Dr APJ Abdul Kalam
Dr APJ Abdul Kalam
A.P.J. Abdul Kalam was a prominent Indian scientist who served as the 11th President of India from 2002 to 2007. Renowned for his pivotal role in the nation’s civilian space programme and military missile development, he was known as the Missile Man of India. Dr APJ Abdul Kalam made significant contributions to India’s Pokhran-II nuclear tests in 1998 which established him as a national hero. An alumnus of the prestigious Madras Institute of Technology, Kalam began his career as a scientist at the Aeronautical Development Establishment of the Defence Research and Development Organization (DRDO). He was later transferred to the Indian Space Research Organisation (ISRO) where he served as the project director of India’s first Satellite Launch Vehicle (SLV-III). He eventually rejoined DRDO and became closely involved in India’s space programme. he served as the Chief Scientific Adviser to the Prime Minister in the 1990s before becoming the President of India in 2002. Immensely popular during his term, he earned the moniker of People’s President. He was honored with several awards including the Bharat Ratna, India’s highest civilian honour, for his contribution to the nation’s space and nuclear programme.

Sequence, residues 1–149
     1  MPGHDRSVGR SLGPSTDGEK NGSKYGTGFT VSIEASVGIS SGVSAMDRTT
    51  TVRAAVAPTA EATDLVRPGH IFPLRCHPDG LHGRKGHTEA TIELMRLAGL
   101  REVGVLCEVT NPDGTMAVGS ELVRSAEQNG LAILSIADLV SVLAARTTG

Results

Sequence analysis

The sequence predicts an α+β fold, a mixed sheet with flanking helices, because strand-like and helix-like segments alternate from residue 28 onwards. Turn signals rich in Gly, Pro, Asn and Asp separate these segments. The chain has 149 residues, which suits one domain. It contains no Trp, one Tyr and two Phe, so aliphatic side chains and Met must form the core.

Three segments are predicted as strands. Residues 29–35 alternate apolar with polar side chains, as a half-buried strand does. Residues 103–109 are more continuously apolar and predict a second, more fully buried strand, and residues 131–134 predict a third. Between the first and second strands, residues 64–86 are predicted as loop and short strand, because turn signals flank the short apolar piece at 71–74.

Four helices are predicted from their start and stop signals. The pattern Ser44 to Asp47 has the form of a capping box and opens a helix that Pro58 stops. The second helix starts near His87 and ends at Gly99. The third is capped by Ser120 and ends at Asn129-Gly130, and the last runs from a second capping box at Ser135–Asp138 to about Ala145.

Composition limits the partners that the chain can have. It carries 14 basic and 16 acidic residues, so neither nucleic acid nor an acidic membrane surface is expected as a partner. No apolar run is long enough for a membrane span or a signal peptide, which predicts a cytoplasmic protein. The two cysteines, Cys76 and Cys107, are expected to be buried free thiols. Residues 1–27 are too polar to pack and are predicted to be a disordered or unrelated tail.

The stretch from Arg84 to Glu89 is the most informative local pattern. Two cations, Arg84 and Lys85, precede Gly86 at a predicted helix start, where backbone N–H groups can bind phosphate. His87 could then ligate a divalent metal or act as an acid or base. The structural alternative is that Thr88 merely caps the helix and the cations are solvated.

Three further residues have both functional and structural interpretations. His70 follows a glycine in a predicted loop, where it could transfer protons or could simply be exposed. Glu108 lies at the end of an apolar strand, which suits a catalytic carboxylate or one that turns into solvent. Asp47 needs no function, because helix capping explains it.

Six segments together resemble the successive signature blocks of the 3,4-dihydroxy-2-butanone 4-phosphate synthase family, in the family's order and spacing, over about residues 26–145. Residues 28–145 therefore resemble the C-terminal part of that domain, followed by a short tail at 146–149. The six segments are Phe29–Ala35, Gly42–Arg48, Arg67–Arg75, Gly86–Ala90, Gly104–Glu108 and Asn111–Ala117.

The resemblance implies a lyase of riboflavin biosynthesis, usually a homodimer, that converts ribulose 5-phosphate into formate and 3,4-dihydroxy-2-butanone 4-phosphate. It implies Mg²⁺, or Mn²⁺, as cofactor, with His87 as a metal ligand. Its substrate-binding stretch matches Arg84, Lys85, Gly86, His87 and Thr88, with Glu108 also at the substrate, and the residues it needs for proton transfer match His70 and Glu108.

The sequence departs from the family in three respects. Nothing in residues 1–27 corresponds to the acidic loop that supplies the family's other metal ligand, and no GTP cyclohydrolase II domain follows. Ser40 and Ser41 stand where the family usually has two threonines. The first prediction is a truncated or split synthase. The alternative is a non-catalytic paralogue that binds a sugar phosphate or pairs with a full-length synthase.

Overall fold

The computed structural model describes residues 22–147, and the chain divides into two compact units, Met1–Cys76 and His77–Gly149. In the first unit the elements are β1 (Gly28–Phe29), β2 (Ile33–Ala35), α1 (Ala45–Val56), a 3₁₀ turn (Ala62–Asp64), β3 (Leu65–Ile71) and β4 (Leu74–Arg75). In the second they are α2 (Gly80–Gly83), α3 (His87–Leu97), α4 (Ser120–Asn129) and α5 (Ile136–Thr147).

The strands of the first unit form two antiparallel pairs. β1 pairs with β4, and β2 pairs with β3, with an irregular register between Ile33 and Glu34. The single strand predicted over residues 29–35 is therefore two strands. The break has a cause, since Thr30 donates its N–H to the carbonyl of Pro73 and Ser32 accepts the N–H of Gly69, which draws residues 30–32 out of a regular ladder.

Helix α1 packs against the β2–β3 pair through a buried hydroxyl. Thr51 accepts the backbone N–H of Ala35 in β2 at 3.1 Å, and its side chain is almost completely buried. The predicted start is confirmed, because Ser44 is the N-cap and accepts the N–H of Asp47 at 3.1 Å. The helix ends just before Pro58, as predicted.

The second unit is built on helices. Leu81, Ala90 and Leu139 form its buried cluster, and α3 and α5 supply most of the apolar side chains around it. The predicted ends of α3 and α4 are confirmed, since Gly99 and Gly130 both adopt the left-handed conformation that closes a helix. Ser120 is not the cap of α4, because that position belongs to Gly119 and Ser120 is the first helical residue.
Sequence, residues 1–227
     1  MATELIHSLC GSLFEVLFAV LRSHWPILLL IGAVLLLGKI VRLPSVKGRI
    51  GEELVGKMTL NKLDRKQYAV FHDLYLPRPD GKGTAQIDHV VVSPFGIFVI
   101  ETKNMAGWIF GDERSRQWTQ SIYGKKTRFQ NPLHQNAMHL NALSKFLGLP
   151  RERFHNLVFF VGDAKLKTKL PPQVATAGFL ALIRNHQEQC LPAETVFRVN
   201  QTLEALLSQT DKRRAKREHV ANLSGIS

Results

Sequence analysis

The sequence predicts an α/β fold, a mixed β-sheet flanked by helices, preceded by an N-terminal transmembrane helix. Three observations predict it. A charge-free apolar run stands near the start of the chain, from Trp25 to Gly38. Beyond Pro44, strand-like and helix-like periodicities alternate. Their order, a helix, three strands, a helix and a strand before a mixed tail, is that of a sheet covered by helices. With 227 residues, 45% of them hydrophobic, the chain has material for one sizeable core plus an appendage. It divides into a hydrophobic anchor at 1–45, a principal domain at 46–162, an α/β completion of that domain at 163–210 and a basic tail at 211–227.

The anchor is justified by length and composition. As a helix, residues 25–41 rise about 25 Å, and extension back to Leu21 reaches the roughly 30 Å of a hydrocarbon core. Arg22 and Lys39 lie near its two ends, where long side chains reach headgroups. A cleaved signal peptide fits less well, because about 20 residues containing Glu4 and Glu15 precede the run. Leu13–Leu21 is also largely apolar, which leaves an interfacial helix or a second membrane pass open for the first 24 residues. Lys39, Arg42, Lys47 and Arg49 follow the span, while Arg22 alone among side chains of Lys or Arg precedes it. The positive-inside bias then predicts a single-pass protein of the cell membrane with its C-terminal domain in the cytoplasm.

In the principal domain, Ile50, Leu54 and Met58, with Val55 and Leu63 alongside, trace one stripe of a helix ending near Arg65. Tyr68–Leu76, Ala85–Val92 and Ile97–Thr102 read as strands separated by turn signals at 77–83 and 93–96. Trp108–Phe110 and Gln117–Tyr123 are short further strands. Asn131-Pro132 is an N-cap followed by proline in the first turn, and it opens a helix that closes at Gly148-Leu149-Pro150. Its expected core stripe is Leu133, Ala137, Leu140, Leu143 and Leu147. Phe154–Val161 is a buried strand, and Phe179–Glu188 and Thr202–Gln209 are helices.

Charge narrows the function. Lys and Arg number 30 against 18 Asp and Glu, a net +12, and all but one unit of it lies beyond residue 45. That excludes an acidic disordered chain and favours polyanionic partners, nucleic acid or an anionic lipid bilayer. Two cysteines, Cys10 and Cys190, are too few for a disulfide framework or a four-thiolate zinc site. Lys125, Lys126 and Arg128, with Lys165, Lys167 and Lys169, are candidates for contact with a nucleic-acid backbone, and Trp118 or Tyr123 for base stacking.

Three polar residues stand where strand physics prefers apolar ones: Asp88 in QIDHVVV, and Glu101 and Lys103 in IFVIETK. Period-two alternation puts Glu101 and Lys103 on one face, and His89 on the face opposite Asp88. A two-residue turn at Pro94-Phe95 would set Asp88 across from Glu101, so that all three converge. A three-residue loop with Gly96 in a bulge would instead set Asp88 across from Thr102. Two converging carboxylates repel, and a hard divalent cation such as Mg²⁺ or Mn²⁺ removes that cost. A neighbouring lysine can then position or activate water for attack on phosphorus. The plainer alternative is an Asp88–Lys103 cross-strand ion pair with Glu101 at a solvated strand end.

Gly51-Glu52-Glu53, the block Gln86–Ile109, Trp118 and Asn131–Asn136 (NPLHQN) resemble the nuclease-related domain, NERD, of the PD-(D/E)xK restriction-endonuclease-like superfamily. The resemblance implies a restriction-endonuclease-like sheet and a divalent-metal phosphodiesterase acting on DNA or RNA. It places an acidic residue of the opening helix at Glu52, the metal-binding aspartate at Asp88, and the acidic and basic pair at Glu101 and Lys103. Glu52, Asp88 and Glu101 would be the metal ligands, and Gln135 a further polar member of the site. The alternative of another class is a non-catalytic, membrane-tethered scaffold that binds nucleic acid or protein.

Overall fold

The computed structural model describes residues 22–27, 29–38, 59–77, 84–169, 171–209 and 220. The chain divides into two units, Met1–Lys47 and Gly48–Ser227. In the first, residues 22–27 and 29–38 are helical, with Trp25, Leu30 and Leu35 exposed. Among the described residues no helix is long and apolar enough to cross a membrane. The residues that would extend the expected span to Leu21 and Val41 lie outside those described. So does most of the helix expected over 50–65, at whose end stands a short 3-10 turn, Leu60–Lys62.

Childhood & Early Life
Abdul Kalam was born as the youngest of five children of a Muslim boat owner named Jainulabudeen and his wife Ashiamma, in Rameswaram, Tamil Nadu. His ancestors had once been wealthy traders though his family lost much of its fortunes by the early 20th century. Kalam grew up in humble surroundings and had to take up a job while he was still in school in order to augment his family?s meager income?he distributed newspapers to help his father in providing for the family. He was a bright young boy, blessed with a thirst for knowledge and was always eager to learn new things. He completed his schooling from Ramanathapuram Schwartz Matriculation School and proceeded to study physics at the Saint Joseph’s College, Tiruchirappalli, from where he graduated in 1954. Then he studied aerospace engineering in Madras Institute of Technology, graduating in 1960. His childhood ambition was to become a fighter pilot but he narrowly missed achieving his dream.
Career As A Scientist